What Gensler’s Latest City Pulse Says About Sustainable Transportation
December 07, 2022 | By Sofia Song, Stella Donovan
The transportation sector is responsible for 28% of the world’s carbon emissions, with gasoline accounting for over half of the industry’s energy use. Many of the 15,000 respondents surveyed in Gensler’s City Pulse live in countries that have signed the Paris Agreement, a global effort to reduce world carbon emissions by 50% by 2030. Reaching these decarbonization goals will require coordinated efforts that span public policy, the private sector, and personal decision-making — particularly around how people navigate their cities. Yet we found that urban residents are at least twice as likely to use cars than other forms of transportation to commute to work or school, run errands, socialize, or shop, and nearly 60% agree that owning a car is part of their vision of success.
So, what can cities do to promote more sustainable transportation options? Our data reveals that it may come down to convenience and cost.
Environmental impact is one of the lowest-ranked considerations when deciding how to travel around cities.
Our data shows that less than a quarter of respondents say that the environmental impact of their transportation decisions is one of their primary considerations when deciding how to travel in and around their urban centers. But that does not necessarily mean they are apathetic about the realities of climate change. Flexibility, finances, and personal security all influence the extent to which people feel able to prioritize sustainable transportation. We found that people who feel financially stable and safe in their city are more likely than their counterparts to consider the environment when deciding on their transportation method. And of all commuter types/frequencies, people who commute daily are the least likely to consider environmental costs and the most likely to weigh affordability, distance, and convenience.
While respondents are willing to walk/bike more instead of using cars, fewer have switched to public transit and electric vehicles.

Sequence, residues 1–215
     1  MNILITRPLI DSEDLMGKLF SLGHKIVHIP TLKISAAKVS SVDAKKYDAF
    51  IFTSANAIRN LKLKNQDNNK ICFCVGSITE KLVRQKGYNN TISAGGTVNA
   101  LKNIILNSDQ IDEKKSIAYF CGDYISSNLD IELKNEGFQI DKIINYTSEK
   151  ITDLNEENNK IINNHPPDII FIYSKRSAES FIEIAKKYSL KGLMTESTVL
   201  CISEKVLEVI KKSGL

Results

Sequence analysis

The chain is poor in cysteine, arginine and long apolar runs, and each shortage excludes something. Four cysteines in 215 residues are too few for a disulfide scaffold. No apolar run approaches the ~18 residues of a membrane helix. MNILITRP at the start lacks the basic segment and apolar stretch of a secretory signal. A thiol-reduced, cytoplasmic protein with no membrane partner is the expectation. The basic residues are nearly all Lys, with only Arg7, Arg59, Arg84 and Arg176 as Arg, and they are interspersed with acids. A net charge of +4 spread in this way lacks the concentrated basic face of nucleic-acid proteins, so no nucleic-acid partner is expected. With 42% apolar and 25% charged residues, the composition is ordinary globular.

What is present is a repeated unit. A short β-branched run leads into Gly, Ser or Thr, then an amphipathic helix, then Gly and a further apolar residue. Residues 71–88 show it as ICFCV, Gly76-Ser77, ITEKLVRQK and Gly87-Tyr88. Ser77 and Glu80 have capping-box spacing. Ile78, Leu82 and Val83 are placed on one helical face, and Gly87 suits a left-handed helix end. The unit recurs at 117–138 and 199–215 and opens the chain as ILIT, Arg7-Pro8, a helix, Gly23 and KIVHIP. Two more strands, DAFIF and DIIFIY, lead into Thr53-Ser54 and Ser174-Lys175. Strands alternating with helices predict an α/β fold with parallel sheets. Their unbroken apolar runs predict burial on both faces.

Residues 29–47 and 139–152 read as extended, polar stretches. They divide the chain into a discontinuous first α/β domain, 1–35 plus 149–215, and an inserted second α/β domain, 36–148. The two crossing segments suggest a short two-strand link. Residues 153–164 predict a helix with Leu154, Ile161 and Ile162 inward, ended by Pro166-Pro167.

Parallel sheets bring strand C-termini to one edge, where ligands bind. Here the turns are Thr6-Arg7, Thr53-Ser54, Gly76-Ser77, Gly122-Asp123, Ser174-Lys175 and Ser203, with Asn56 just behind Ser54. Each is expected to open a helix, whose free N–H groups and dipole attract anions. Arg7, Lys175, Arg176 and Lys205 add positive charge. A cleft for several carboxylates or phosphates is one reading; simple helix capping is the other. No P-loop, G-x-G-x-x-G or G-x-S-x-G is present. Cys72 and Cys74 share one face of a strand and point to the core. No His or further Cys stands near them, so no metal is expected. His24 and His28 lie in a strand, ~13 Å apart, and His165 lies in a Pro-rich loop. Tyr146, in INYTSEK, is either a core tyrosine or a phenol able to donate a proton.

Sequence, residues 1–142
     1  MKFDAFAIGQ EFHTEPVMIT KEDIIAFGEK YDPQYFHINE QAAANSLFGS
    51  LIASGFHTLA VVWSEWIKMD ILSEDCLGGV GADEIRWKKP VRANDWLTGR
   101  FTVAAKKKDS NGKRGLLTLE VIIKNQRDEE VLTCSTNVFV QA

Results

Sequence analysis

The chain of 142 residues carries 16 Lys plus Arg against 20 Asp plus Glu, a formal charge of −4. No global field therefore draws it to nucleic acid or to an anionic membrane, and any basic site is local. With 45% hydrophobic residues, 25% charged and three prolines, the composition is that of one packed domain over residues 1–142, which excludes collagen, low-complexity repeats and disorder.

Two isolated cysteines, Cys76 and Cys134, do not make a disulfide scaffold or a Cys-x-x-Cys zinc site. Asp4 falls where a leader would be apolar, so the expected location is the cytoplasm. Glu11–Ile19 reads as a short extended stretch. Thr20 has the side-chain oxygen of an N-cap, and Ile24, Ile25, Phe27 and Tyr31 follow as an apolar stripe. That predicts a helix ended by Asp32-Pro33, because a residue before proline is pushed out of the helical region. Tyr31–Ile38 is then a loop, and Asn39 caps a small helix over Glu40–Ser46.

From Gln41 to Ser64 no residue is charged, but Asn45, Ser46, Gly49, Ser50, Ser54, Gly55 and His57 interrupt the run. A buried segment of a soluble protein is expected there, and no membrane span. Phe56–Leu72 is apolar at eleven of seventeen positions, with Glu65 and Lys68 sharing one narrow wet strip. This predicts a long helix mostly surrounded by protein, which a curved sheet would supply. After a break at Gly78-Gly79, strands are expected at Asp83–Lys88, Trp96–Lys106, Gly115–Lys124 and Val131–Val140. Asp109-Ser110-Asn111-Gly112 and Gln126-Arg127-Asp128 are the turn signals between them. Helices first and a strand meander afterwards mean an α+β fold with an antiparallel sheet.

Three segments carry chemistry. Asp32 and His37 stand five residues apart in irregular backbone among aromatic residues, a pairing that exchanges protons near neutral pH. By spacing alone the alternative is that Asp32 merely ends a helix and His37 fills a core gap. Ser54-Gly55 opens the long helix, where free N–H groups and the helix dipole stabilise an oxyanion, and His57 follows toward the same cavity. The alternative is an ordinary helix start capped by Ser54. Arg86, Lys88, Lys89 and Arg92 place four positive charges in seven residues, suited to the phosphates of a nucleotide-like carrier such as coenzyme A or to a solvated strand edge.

When asked about the transportation changes they’ve made to protect the environment, over one-third of respondents said that they are walking or biking more instead of driving. While micromobility options have become more appealing to urban residents since the start of the pandemic, there’s less enthusiasm for public transportation. Even though nearly 70% of respondents feel that public transit is good for the environment, over one-quarter of city dwellers are unwilling to use their city’s rails and buses over their own private cars. This may be due to two concerns: experience and safety. Only half of respondents feel that their city’s public transit system provides a great experience, and just 53% feel safe while using it.
We also found that the smallest number of respondents have purchased electric vehicles to help protect the environment, despite feeling the most willing and able to make the change. This is likely due to the lack of infrastructure and increased costs. Our data shows that 65% of our respondents feel that their cities need more electric vehicle charging stations. In North America alone, recent projections show that less than a tenth of the number of charging stations are being installed per day than are needed to meet the expected demand over the next decade. This, combined with the fact that the price of an electric vehicle is currently $18,000 more than the average car, may put electric vehicles out of reach for people who prioritize convenience and affordability in their transportation decisions.
Sustainable transportation options need to be convenient and affordable for city dwellers.
When it comes to mobility, our data shows that city dwellers prioritize convenience, affordability, travel time, and travel distance over concerns about the environment. Cities must provide the infrastructure (such as adequate electric vehicle charging stations) that allows sustainable transport to seamlessly integrate into the urban fabric.
Additionally, supporting the rise of micromobility with pedestrian-friendly streets, increased bike lanes, and walkable neighborhoods can help lower the number of cars on the road. When urban residents don’t have to choose between the climate and convenience, cities can become more resilient and better prepared for the future.
To learn more, click here to download Gensler’s City Pulse 2022 Urban Mobility Report.
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